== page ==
Among patients with ankle sprain, diclofenac diethylamine (DDEA) 2.32% gel applied twice daily had similar outcomes as DDEA 1.16% gel applied 4 times daily, according to the results of a randomized, double-blind, noninferiority study published in BMC Musculoskeletal Disorders.
This study was conducted at 15 sites in China between 2019 and 2020. Patients (N=302) with grades 1 or 2 ankle sprain and pain on movement scores 50 mm or greater on a 100-mm visual analog scale (VAS) were randomly assigned in a 1:1 ratio to receive DDEA 2.32% gel twice daily with a twice-daily placebo gel (n=150) or DDEA 1.16% gel 4 times daily (n=152). The primary outcome was pain on movement on day 5, and the noninferiority margin was defined as a VAS score of 13 mm.
The mean age of study participants was 34 years. Grade 1 ankle sprain was reported by 62.7% and 63.8% of participants in the DDEA 2.32% and DDEA 1.16% gel arms, respectively, with mean pain on movement scores reported as 68.5 (SD, 10.7) and 67.2 (SD, 9.7) mm.
Change in pain on movement scores from baseline to day 5 were -42.8 mm among the DDEA 2.32% gel recipients compared with -43.1 mm among the DDEA 1.16% gel recipients. The least-squares mean difference (LSMD) in pain on movement scores was 1.11 mm (P =.595), which was within the noninferiority margin.
No significant group differences were observed on days 3, 5, and 8 for the secondary outcomes of tenderness as measured by algometry, ankle joint function measured with Karlsson scoring, and swelling using the Figure of Eight method. At day 5, no group difference in patient diary sum of pain intensity over a 12-hour interval after first dose was reported (LSMD, -0.50; 95% CI, -1.91 to 0.92; P =.492).
In the DDEA 2.32% gel treatment arm, 11 patients reported 13 adverse events, and in the DDEA 1.16% gel treatment arm, 12 patients reported 13 adverse events. Treatment-emergent adverse events included allergic dermatitis (n=2), skin exfoliation (n=2), application site inflammation (n=1), and arthralgia (n=1).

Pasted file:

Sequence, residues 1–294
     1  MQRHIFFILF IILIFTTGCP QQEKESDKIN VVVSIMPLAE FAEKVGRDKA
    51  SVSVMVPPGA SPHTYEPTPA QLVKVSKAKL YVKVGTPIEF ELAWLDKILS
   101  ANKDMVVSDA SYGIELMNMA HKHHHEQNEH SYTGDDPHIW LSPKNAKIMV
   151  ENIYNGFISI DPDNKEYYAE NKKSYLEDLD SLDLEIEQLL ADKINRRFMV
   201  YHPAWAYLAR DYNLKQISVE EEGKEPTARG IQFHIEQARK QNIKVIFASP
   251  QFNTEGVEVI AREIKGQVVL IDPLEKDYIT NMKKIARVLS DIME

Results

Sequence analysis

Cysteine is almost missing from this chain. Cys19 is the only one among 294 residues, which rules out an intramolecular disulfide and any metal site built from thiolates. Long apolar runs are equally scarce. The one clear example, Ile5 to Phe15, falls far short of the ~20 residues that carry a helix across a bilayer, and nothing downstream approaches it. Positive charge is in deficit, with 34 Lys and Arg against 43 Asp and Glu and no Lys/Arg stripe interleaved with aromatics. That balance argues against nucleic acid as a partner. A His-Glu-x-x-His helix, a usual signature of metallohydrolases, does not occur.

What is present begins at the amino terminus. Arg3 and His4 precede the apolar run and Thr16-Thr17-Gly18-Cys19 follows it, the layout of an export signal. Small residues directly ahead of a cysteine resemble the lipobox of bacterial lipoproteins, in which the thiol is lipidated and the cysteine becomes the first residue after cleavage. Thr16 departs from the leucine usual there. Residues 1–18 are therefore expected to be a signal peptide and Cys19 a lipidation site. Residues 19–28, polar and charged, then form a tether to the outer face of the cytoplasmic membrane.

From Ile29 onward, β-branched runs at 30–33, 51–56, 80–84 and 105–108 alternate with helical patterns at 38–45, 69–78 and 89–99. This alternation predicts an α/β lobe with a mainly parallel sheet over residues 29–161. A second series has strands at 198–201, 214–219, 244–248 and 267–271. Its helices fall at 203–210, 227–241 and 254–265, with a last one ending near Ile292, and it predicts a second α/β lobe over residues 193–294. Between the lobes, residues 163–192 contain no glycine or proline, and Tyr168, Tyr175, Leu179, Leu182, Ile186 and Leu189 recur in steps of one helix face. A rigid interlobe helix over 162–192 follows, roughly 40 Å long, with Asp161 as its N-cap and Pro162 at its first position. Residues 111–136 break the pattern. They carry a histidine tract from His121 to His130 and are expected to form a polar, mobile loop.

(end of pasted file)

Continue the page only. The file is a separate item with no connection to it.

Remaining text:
A major limitation of this study was its lack of a placebo comparator.
These data indicate that for pain associated with ankle sprain, DDEA 2.32% gel applied twice a day could be a viable treatment alternative to DDEA 1.16% gel applied 4 times a day. The study authors state, “In a real-world setting, the added convenience of BID versus QID administration should increase treatment adherence, resulting in better efficacy and patient satisfaction.”
Disclosure: This study was sponsored by GSK Consumer Healthcare. Some study authors declared affiliations with biotech, pharmaceutical, and/or device companies, including consulting for and employment at GSK Consumer Healthcare. Please see the original reference for a full list of authors’ disclosures.
Yin F, Ma J, Xiao H, et al. Randomized, double‑blind, noninferiority study of diclofenac diethylamine 2.32% gel applied twice daily versus diclofenac diethylamine 1.16% gel applied four times daily in patients with acute ankle sprain. BMC Musculoskelet Disord. Published online December 24, 2022. doi:10.1186/s12891-022-06077-z